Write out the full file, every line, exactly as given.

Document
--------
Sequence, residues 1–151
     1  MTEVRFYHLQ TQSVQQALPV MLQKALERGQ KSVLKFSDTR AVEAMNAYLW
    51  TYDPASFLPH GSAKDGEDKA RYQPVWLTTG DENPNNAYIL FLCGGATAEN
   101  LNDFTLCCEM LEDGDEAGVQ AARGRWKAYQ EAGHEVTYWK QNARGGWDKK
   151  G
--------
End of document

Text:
Sequence, residues 1–151
     1  MTEVRFYHLQ TQSVQQALPV MLQKALERGQ KSVLKFSDTR AVEAMNAYLW
    51  TYDPASFLPH GSAKDGEDKA RYQPVWLTTG DENPNNAYIL FLCGGATAEN
   101  LNDFTLCCEM LEDGDEAGVQ AARGRWKAYQ EAGHEVTYWK QNARGGWDKK
   151  G